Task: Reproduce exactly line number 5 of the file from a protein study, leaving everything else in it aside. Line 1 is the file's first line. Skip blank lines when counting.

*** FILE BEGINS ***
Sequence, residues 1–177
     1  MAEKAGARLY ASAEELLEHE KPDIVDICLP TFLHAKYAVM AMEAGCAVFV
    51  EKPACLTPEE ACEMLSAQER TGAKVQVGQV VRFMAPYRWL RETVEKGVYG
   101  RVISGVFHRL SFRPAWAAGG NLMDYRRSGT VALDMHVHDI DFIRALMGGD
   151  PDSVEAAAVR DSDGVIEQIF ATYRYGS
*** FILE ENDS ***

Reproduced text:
   151  PDSVEAAAVR DSDGVIEQIF ATYRYGS